‘Never Trump’ Delegates Turn RNC Into Big Screaming Match

That took all of three hours

"NAY!!!!!!!" — Getty Images
Jul 18, 2016 at 7:05 PM ET

Well, that didn’t take long. The Republican National Convention spiraled into chaos on Monday afternoon—just hours after it kicked off—as delegates of the Never Trump movement pushed for a role call vote on convention rules, that could have open the door to blocking Trump’s nomination.

The Never Trump delegates, an informal collection of delegates united in their opposition to the presumptive nominee, had been a planning an action to disrupt the convention for months. The plan was to gather signatures from a majority of delegates in at least seven states (the minimum required by the RNC bylaws) and then force a vote on convention rules. They’d hoped to end up with a new set of guidelines that would unbind their vote from their primary or caucus result and allow them to vote their “conscience”—i.e. against Donald Trump.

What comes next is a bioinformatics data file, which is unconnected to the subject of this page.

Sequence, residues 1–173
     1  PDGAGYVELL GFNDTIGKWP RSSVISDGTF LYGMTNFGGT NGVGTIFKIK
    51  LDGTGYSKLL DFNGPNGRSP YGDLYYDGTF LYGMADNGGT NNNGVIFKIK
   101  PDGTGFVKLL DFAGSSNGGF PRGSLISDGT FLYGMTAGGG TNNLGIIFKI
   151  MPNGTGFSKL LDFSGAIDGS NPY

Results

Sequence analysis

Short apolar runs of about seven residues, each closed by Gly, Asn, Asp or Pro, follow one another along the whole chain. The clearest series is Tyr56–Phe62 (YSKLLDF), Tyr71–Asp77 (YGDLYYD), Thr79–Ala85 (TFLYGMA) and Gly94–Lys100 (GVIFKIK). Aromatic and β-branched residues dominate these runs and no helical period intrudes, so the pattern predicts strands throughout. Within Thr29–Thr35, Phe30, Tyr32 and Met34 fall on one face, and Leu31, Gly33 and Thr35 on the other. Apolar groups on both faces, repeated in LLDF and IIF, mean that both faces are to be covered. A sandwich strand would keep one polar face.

At around 4 p.m., Never Trump delegates, who claimed they had a majority from nine states, began chanting “roll call vote!” inside the Quicken Loans Arena in Cleveland. Eventually the pleas reached a volume that could no longer be ignored. Arkansas Representative Steve Womack soon called the convention together, but it wasn’t for the role call vote that Never Trumpers had requested. It was a voice vote that essentially equated to a battle of who could scream louder.

After two sets of screams for “aye” and “nay,” Rep. Womack announced that the “ayes” had won out (read: yelled louder) and that the rules had been approved.

Many anti-Trump delegates were upset with the refusal of a roll call vote. Utah senator Mike Lee, one of the leaders of the anti-Trump fight insisted that the RNC was in turmoil on its very first day.

“I have never in all my life, certainly in six years in the United States Senate, prior to that as a lifelong Republican, never seen anything like this,” he said. “There is no precedent for this in the rules of the Republican National Convention. We are now in uncharted territory.”

Some delegates, including the entire Colorado delegation, walked out.

Other delegates expressed their disproval on Twitter, suggesting that the GOP is breaking the rules. One delegate even changed his Twitter bio to read “ex 2016 GOP delegate.”


What’s next for the anti-Trump crowd is unclear. While there’s little the faction can actually do to topple Trump, they’ve already proven a distraction for a nominee who has insisted on uniting the Republican Party. Remember, this is only Day 1.